He brings up that renting a car will be more expensive; a minivan was running $100/day last I checked. I counter with, “where are we going?” He doesn’t know. Then I bring up the hope that Marshall University will get the ZipCar program they discussed last year. It would be a compromise in price and convenience of having a car. I should call them soon about this possibility.

 

Brent is concerned about school pick up. What if the baby is sick or napping and Brent’s in class and the children need to come home? I think we know enough people who would be able to bring them back or stay with the baby while I go out to get them.

 

Then there is the, “What about the weather?” Again, I don’t know exactly. We don’t have extremely rough winters, by my standards. The winter that Avery was in the hospital for two straight weeks we walked in snow nearly every day and it was fine. The roads were clear enough to drive, so the same roads should be clear enough to bike? Walking is still an option. Not going is still an option. The bus in an option.

 

There are many single car families in town. There are several folks we know who commute in all weathers by bike. I am sure there are many people in town without cars, but I only know of one. Finding out their solutions is also on my research list. I feel that each challenge is one to be overcome, not one to be answered with the mini van.

 

Car-free vs. Car-liteĀ 

Many people and families live without cars. Many people also live car-lite, by which I mean, they have a family with one car and make do, or drive less. I will make a list of them all later.

 

I do not plan to live car-free. After this month I intend to drive the children to school in the morning. I still think we will be doing our grocery shopping by car. For August, I want to see how much we can do without the car. I want to strip away the dependency on the vehicles and see exactly what we need them for. August is a good month to try this experiment. Two of the children start school on the 15th. Brent starts back to teaching on the 22nd. Avery starts preK on the 22nd as well. It will give us time to figure out how to get around in the early weeks, then add a week of commuting to school with two big kids, then a week of commuting with three. There will be a week of getting everyone home by first taking up two and bringing home four, then a week of taking up one and bringing back four. It’s sort of a step it up program in bike commuting, up hill, with children.

 

We may discover that I can get a lot of grocery shopping done when it’s just me and Oliver and we can load up the trailer and bring it home and put it away with no extra little bikes and bikers to take out. We might find out that the children love biking to school so much they are easier to get up and out the door in the morning (I can hope). Our regimen might provide us with enough exercise that we won’t be paying for soccer, basketball and swimming this year (more savings!). The children may sleep better and focus on homework with more intensity. Maybe Brent will like that I can’t call him home to pick up the children because the baby is napping and he will get more work done. There is the possibility that we will save enough money that Brent and I could date regularly again, something we gave up with the budget crunch of 2009. I see a lot of great things coming from not driving this month.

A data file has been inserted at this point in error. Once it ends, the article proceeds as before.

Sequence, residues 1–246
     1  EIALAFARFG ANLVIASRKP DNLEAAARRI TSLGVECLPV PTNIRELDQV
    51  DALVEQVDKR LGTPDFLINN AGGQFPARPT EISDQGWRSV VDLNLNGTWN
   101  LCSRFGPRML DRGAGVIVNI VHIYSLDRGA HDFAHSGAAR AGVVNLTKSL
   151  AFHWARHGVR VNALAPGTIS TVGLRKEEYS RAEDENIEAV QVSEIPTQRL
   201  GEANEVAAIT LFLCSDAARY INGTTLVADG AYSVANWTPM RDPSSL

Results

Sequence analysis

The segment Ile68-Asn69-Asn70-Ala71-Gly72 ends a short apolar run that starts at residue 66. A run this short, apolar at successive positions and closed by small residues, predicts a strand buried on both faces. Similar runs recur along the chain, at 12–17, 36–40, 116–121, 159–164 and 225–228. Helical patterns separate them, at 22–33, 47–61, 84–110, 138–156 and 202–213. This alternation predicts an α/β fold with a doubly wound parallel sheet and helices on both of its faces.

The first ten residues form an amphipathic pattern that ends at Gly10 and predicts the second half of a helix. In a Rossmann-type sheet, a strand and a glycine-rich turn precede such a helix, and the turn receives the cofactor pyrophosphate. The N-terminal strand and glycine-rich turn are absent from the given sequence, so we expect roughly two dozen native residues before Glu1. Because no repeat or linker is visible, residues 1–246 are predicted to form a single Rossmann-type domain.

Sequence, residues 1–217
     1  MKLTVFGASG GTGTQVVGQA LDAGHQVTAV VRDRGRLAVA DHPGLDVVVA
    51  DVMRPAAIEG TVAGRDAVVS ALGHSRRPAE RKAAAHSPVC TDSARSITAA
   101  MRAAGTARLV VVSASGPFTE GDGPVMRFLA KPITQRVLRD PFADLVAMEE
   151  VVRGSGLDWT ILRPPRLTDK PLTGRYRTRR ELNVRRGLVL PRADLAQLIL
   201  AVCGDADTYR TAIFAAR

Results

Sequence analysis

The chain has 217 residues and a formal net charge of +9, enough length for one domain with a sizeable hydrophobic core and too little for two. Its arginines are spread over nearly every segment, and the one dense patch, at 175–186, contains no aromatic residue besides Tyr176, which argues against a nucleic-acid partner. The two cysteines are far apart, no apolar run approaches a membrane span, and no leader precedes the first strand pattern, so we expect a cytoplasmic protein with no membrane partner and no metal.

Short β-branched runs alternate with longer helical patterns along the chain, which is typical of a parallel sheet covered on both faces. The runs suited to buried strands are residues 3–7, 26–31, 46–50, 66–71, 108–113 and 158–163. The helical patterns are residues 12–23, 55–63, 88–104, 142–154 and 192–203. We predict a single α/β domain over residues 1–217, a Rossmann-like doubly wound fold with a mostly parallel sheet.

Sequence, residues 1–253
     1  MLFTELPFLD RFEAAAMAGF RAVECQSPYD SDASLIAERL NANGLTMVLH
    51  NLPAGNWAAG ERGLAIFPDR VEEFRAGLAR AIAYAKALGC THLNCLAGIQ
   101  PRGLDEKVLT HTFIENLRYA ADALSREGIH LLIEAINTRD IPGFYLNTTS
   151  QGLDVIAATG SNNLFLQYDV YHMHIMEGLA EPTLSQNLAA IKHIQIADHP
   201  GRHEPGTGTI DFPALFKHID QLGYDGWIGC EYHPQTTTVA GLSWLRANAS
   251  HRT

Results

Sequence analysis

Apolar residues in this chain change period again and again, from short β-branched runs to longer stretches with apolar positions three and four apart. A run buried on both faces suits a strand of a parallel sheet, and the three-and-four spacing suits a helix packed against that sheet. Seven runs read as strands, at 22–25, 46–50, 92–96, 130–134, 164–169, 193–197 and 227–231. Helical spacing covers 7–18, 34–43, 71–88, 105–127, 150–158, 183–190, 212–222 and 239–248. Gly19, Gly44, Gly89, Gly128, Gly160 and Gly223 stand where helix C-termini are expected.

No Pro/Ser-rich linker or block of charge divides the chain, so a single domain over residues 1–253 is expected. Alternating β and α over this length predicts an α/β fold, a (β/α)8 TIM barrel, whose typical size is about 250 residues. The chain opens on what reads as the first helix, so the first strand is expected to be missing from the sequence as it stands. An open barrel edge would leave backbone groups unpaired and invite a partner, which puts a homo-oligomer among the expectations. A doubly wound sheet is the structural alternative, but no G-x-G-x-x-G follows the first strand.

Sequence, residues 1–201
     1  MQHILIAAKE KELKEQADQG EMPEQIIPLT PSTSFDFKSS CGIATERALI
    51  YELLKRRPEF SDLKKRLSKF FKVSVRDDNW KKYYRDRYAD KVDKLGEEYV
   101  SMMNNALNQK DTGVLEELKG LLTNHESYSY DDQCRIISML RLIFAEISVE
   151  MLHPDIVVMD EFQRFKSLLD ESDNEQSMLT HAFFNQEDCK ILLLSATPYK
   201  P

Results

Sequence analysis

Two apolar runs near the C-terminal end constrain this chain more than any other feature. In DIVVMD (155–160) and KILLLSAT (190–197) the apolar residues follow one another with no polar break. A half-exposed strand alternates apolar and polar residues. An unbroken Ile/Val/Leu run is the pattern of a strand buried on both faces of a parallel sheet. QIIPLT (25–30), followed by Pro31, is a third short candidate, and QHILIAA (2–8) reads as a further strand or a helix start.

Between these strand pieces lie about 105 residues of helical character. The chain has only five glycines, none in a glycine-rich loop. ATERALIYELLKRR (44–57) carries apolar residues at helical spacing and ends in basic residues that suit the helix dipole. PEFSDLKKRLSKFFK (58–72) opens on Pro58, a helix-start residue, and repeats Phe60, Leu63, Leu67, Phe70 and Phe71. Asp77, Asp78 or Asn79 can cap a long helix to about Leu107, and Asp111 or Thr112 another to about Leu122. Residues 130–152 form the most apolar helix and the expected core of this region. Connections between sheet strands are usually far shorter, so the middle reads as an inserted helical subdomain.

It may be that we hate living without our cars and we miss going to, I don’t know, Target or friends out of town. Traveling with out our van in the rain and snow might be a complete bear. Perhaps someone gets hurt and we immediately sell our bikes and swear off leaving our home ever again. Dramatic? Perhaps. I just wanted to give some weight to ideas that might swing a bit further in the direction of car usage.

 

A Verdict?

We will keep our vehicles for now. Until we know what we need them for and which one to keep. Sometimes I think we should give away the Cavalier and keep the van. Other times I think sell the van, keep the car. Then I have moments of give away the car, sell the van, good ridden to them both. We would give away the car because it was given to us and it’s not worth much more than the satisfaction of knowing someone who needed it would be using it. One last idea is to donate the car, sell the van and then later, six months, a year, or when ever, buy a crossover vehicle that is better on fuel, seats six and is less than $10000 that we can pay for in cash.

 

It’s certainly a lot to think about.